One day at a time.

One day at a time.

Tuesday, September 14, 2010

Keep Daydreaming, Doctors Advise (And This Minister)

It seems Einstein was wrong.  Well, at least on one accord.  Einstein is often attributed as saying “necessity is the mother of invention.”  Not so, some historians and sociologists tell us.  Recent thought (see New Yorker Article by Adam Gopnik) suggests that invention and advancement also come from times when societies have institutional dreamers.  That is, when a culture promotes exploration for the simple sake of exploration.  When our basic needs were met, it is not out of necessity but rather daydreaming when great inventions and creations arose. 


Take flying-- a home grown invention in Kitty Hawk, North Carolina.  The Wright brothers often credited their final first successful aeroplane with an early toy they had played with in childhood.  This toy helicopter would eventually lead them to discover one of the single greatest inventions of the 20th century.  The aeroplane would forever change travel, international relations, and our relationship to the great expanse of sky.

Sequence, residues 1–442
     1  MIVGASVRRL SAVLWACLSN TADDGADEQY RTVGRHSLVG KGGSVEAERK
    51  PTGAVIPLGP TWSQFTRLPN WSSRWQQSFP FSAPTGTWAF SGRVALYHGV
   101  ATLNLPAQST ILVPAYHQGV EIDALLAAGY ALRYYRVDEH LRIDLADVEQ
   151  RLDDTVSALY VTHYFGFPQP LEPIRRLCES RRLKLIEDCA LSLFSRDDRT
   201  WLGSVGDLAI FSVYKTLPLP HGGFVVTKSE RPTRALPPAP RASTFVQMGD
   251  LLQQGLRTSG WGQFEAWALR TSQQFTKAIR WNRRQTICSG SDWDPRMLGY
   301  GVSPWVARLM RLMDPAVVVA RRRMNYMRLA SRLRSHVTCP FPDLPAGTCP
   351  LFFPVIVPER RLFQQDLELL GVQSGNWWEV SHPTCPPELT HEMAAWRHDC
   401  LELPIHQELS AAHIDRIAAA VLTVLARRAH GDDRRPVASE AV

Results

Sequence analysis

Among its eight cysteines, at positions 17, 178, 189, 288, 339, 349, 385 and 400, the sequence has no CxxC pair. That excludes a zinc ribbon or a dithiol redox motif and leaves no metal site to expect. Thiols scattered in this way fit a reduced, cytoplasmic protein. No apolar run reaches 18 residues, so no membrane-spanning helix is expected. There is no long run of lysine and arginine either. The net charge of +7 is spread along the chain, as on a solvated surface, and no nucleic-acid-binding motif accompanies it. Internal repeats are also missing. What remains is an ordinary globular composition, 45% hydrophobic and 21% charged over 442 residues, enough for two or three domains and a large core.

From a simple siesta in the afternoon to rocking porch traditions, dreaming flows throughout many cultures.  It turns out it's not just simple resting, but an active way to form vision for the world and renew the spirit.  An interesting article was passed along to me by a newcomer at our church.  Worth checking out.  Written by Robert Lee Hotz, this article argues that daydreaming helps develop and nurture neural connections leading to great insight.  See Effect of Daydreaming on the brain article


If we look out across great inventors and thinkers from Dante to Martin Luther King, Jr,. we find that their visions, which changed the world, were born in a life of dreaming and exploring.  Dream they tell us.  Dream bigger than your heart’s desire and your mind’s limitation.  Dream the impossible.  Dream beyond this world.  And then from those dreams what may come is just the vision to transform the world.  


So, go look at those clouds!